This study was limited by the small size of some teams and changes in personnel over time, with lower compliance in recording contact data during the follow-up period. However, the results suggest the extent of involvement in training that may be required for significant change. Attitude change was evident only with extended training. Significant increases in the percentage of family contacts were found among the CMHC workers who participated in extended training, while only trends of increased family contacts were noted among staff who received the brief training. Brief training involving one or two workshops may be insufficient to achieve measurable behavioral and attitude change.
Contact data suggest that the training may have been most relevant to CMHC workers, although the qualitative data highlighted changes on the inpatient ward. The more specialized work of the crisis and mobile services and their higher percentage of family contacts before training may mean that training that targets family issues for workers in these services is required. The posttraining drop in family contacts for the crisis team was in a period of greater workload, suggesting that work with families suffers when staff members are busier.
We partly attribute the positive outcomes of this project to collaboration between caregivers and professionals at all levels in the areas of planning, training, and group facilitation. Whether the dual role of our family caregiver participants as support workers for families as well as caregivers themselves was an important factor is not clear. Staff are not necessarily accepting of trainers who are family caregivers (7). In our project, inclusion of family caregivers as participants as well as trainers may have usefully changed the relationship dynamics. The shared role of working with families certainly helped staff and family caregiver participants learn together. We suggest that our attention to process issues and emphasis on shared learning led to respect and partnership.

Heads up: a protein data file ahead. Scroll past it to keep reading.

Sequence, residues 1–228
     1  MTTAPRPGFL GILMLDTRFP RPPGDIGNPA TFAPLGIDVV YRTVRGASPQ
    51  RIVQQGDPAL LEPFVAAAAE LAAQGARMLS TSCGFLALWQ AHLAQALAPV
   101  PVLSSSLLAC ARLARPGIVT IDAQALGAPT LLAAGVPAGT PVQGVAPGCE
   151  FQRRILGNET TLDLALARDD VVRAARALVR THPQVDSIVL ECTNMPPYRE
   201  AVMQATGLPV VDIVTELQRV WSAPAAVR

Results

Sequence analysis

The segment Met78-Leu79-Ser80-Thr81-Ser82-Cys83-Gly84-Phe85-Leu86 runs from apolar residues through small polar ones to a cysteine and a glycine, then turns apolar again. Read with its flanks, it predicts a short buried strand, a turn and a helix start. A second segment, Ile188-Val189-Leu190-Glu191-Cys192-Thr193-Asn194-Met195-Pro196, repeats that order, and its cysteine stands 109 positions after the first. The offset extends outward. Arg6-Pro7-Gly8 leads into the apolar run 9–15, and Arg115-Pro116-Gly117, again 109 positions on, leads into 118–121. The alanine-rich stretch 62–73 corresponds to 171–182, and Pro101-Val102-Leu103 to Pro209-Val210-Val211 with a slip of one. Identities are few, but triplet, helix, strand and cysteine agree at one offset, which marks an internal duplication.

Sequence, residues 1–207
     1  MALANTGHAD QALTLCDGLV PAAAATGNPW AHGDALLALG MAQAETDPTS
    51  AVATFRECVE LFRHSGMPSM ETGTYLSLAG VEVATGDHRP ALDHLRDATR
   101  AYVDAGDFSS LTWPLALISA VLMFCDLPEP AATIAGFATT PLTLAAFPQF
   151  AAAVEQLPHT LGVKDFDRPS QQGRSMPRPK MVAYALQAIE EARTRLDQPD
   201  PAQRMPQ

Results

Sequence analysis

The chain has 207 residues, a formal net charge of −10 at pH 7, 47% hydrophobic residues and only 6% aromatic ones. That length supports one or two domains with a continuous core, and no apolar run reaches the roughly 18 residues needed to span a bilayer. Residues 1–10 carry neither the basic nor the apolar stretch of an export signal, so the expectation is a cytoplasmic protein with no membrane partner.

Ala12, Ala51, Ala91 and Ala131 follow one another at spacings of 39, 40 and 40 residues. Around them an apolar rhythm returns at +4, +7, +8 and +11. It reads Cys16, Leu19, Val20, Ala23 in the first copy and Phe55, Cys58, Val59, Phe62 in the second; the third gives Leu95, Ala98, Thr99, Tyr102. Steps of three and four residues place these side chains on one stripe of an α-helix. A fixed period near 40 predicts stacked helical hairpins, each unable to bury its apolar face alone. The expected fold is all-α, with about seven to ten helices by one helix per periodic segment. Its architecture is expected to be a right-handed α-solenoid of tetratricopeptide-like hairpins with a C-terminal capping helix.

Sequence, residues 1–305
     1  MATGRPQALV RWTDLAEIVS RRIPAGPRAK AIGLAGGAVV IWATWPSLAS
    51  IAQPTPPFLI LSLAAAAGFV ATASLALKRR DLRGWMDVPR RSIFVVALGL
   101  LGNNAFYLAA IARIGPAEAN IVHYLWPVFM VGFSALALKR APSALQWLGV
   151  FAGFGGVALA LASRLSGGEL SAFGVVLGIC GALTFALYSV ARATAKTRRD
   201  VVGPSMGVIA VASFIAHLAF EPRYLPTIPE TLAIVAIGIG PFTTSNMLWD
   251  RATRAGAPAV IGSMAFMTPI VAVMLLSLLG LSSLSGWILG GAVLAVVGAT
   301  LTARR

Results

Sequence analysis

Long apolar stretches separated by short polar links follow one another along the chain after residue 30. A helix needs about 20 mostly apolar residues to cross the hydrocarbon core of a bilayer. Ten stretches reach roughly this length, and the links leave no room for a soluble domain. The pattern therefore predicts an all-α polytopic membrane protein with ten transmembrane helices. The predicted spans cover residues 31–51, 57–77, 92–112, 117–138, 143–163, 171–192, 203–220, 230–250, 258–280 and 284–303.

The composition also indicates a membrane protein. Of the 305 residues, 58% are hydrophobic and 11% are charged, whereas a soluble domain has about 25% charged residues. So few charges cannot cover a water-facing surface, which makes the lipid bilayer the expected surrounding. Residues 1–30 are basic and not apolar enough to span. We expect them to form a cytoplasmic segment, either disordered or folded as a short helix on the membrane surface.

Training to help mental health professionals work more collaboratively with family caregivers can be successfully implemented through genuine partnerships between family members and professionals in the areas of planning, teaching, and participation. However, attitude changes and improvements in level of service may require more than brief training.
Both the training program and the evaluation were supported by grants to the Schizophrenia Fellowship of Victoria from the mental health branch of the Department of Human Services, Victoria, Australia.
Mr. Farhall is consultant clinical psychologist with the North Western Health Care Network in Melbourne, Australia, and senior lecturer in the School of Psychological Science at La Trobe University, Bundoora, Victoria, Australia 3083 (e-mail, email@example.com). Ms. Webster is a research associate in the School of Psychological Science. Ms. Hocking is executive director of SANE Australia in Melbourne. Dr. Leggatt is senior research fellow at Deakin University in Melbourne and president of the World Schizophrenia Fellowship in Toronto. Dr. Riess is director and Mr. Young is a clinical psychologist at Bouverie Centre at La Trobe University. An earlier version of this paper was presented at the annual Mental Health Services Conference of Australia and New Zealand, held September 5-7, 1995, in Auckland, New Zealand.
Percentage of contacts with families among staff at two community mental health centers (CMHCs), a mobile team, and a crisis team who received training in working with clients' families1